Lawyers spar over whether Elon Musk misled investors with his tweets
Opening arguments kicked off Wednesday in a trial that is pitting Tesla against shareholders accusing the company of misleading them over a tweet by Elon Musk stating funding had been "secured" to take the electric car company private.
A lawyer for Tesla investors told a nine-person jury that Musk “lied” when he sent the Aug. 7, 2018 tweet, costing investors money while its share price fluctuated as Wall Street digested the information. Ultimately, the company remained publicly traded.
“Millions of dollars were lost when his lies were exposed,” said attorney Nicholas Porritt, who represents the investors.
A lawyer for Musk argued that the billionaire merely used the “wrong words," and that Musk was “serious” about taking the company private in 2018 with the help of Saudi Arabia's public investment fund, but ultimately encountered shareholder opposition.
Lead shareholder plaintiff Glen Littleton is seeking billions of dollars in damages over the 2018 tweet. Shares of Tesla stock began a steady decline that continued into the following year.
The fallout led to an investigation by federal regulators. Musk and Tesla were separately fined $20 million and Musk was forced to step down as Tesla's chairman. He also agreed to a requirement to have lawyers review his statements about Tesla before publishing them on social media.
Last May, Judge Edward Chen, who is overseeing the trial, granted Littleton and the other plaintiffs summary judgment that Musk's remarks about the take-private deal were false and reckless. A Northern California jury will now determine whether Musk knowingly made the false statement, how the tweet affected share price, and any damages.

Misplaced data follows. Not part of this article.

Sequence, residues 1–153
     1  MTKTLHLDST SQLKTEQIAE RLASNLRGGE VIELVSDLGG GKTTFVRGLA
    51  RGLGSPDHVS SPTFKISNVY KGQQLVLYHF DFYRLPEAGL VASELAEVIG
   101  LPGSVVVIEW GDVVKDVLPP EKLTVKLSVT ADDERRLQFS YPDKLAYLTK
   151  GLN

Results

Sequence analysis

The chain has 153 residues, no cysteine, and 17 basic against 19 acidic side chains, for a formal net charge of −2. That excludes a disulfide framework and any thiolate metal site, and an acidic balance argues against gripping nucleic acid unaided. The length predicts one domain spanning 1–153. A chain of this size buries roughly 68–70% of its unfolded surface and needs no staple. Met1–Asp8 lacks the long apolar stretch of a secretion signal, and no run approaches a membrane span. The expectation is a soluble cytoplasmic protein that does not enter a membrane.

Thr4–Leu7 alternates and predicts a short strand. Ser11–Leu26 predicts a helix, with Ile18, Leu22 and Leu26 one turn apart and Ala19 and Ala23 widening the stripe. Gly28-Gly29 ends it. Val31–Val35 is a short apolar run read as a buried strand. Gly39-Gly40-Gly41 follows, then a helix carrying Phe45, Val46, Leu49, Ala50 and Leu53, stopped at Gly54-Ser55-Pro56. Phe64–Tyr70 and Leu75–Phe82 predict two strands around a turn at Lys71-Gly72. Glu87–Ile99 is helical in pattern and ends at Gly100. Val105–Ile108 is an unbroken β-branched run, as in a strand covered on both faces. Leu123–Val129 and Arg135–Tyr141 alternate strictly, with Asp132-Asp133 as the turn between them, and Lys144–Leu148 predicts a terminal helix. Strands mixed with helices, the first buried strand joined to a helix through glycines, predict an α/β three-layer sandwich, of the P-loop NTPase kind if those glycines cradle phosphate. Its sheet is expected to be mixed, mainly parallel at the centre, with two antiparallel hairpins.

“Everything is lined up for a plaintiffs’ win here,” Minor Myers, who teaches corporate law at the University of Connecticut, told Reuters, adding the ruling in May means the shareholders are “starting with runners on base."
The case is unusual because most class-action securities lawsuits are either dismissed or settled out of court. Hundreds of U.S. securities class actions have been filed every year since the current laws governing the cases went into effect in 1996, but only 15 resulted in trial verdicts, according to data from law firm Wolf Popper LLP cited by Reuters.
If shareholders ultimately prevail and win damages, it will likely be years before they can collect due to the appeals process, experts said.